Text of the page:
find an equilibrium with voters, politicians, prison staff and electoral
officials. The next section examines levels of registration and voting
among prisoners in polls subsequent to the 2007 election.
LisbonTreaty referendum, 2008
In June 2008, prisoners had the second opportunity to vote when the
Irish government held a referendum on the LisbonTreaty which provided for changes in governance of the European Union. Table 4.3
shows that the total number in custody on 15 February 2008 (date on
which the voting register was published) was 3,491. At the publication of
retained control over the necessary policies to promote national economic wellbeing in a global economy.50 The ‘Celtic Tiger’ phenomenon and Dublin’s (un)
conscious blending of Boston and Berlin’s socio-economic models had produced
a unique perspective on the EU in at least some Irish quarters, and it also fuelled
a sense of economic and national confidence.
This was epitomised by the Irish electorate’s rejection of both the Nice Treaty
and the LisbonTreaty in Irish referenda in 2001 and 2008, which led to reruns
in 2002 and 2009. Both the first Nice (Nice I) and
victim to the populist-led fear campaign against EU membership – a campaign aided and abetted by many of Cameron’s fellow Conservative Party members.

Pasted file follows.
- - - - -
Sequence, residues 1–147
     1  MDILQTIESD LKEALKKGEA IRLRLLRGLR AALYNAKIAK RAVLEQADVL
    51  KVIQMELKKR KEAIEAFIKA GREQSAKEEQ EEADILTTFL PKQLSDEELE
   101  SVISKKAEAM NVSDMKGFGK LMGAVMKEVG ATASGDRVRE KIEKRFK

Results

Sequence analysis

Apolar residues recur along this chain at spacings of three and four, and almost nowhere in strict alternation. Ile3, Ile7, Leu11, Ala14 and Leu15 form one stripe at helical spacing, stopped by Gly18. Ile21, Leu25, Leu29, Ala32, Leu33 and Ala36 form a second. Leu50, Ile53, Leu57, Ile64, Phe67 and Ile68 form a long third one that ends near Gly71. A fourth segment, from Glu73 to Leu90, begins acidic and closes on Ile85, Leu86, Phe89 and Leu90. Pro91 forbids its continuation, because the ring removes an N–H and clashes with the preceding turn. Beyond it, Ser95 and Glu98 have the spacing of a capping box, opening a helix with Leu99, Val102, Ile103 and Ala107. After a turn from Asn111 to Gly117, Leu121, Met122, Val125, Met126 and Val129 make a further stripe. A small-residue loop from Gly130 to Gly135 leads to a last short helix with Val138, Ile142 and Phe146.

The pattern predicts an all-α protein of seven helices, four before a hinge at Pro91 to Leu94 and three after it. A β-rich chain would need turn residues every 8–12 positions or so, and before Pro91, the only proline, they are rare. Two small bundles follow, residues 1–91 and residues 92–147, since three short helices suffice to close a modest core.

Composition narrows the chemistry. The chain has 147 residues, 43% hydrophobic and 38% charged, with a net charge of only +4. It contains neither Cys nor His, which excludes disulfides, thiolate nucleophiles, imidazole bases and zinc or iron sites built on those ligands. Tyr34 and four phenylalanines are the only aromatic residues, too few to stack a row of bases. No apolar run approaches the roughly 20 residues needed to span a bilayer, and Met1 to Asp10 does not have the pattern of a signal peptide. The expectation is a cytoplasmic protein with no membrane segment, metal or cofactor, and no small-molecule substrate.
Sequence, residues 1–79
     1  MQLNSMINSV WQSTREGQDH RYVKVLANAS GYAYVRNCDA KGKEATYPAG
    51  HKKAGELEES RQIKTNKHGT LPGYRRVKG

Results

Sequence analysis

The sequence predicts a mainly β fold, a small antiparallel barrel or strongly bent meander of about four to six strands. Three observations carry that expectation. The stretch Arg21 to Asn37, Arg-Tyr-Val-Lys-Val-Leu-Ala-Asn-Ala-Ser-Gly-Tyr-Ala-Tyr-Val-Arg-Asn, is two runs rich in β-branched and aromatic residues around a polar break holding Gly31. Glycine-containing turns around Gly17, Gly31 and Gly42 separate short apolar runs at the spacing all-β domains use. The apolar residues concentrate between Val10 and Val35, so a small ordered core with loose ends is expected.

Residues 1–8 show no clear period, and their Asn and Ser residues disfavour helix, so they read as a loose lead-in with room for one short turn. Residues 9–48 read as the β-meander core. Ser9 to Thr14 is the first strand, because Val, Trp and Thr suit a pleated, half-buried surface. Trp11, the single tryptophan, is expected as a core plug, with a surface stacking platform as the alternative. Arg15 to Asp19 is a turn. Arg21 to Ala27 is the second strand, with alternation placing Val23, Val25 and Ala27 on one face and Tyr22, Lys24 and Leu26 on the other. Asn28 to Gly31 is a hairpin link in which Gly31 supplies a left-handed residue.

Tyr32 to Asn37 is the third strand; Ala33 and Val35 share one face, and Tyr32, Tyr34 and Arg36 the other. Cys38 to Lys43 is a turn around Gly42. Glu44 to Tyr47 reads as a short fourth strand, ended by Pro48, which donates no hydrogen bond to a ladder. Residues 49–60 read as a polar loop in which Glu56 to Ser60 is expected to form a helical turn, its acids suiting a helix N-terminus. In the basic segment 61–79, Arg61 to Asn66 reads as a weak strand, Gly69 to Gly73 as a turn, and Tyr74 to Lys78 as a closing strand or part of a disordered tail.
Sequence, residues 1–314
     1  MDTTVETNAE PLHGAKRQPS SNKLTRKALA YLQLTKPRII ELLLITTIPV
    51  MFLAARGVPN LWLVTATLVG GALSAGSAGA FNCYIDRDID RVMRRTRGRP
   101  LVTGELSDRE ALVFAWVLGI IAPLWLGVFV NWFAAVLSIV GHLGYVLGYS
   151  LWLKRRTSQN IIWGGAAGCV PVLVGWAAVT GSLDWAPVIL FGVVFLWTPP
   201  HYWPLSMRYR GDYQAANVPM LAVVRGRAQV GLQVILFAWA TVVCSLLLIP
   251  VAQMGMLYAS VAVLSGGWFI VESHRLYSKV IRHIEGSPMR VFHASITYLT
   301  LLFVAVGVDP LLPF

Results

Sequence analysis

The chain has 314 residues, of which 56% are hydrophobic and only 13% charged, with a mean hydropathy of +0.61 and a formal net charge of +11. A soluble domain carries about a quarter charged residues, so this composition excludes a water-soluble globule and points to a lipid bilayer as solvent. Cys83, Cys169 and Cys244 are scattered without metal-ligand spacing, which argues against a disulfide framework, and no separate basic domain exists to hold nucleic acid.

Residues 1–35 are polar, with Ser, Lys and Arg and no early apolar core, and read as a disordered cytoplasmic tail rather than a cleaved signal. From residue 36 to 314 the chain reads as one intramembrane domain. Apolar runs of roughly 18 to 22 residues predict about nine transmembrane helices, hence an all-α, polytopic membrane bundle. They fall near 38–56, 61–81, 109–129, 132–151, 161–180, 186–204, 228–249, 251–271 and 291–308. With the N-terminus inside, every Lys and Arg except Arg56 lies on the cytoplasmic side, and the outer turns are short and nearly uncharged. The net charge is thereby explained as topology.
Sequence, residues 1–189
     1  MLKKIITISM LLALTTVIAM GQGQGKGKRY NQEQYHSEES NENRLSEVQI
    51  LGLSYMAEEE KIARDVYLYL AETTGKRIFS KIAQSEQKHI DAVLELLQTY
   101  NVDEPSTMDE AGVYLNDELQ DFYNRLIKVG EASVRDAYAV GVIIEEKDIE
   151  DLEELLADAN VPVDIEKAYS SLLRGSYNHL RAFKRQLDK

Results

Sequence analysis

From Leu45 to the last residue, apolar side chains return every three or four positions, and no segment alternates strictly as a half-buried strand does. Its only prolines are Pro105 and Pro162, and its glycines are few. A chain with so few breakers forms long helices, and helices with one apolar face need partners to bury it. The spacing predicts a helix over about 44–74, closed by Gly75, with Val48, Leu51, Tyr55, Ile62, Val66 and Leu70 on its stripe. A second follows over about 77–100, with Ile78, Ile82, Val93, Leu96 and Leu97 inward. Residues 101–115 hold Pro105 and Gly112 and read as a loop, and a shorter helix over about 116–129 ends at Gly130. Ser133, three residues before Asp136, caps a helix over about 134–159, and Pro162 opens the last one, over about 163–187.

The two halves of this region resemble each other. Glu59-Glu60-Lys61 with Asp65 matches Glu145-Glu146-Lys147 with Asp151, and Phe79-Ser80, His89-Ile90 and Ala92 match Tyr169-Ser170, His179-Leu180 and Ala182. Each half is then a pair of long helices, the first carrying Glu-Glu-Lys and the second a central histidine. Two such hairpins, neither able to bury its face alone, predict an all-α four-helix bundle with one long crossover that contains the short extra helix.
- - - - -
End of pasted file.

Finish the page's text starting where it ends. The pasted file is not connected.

Cameron was replaced as Conservative Party leader and prime minister by Theresa May, who in March 2017 initiated the process of negotiating the UK’s departure from the EU. The process, under Article 50 of the LisbonTreaty on European Union, promised to stretch out over many months or even years. Whether it will end up as a “soft” departure, with generous terms for the UK, or a more punitive approach, remains to be
Chapter, and the LisbonTreaty have served to galvanise both Euroscepticism and the advocacy of withdrawal, and subsequently led to the rise of UKIP. The substantial influx of Eastern Europeans, particularly Polish immigrants in 2004, and the negative response from the tabloid press have also served to reduce the support of the British public for the European cause. As discussed in earlier chapters, evidence suggests there was an elite consensus in favour of Britain's membership of the Common Market. In respect of the British press, for example, the trajectory in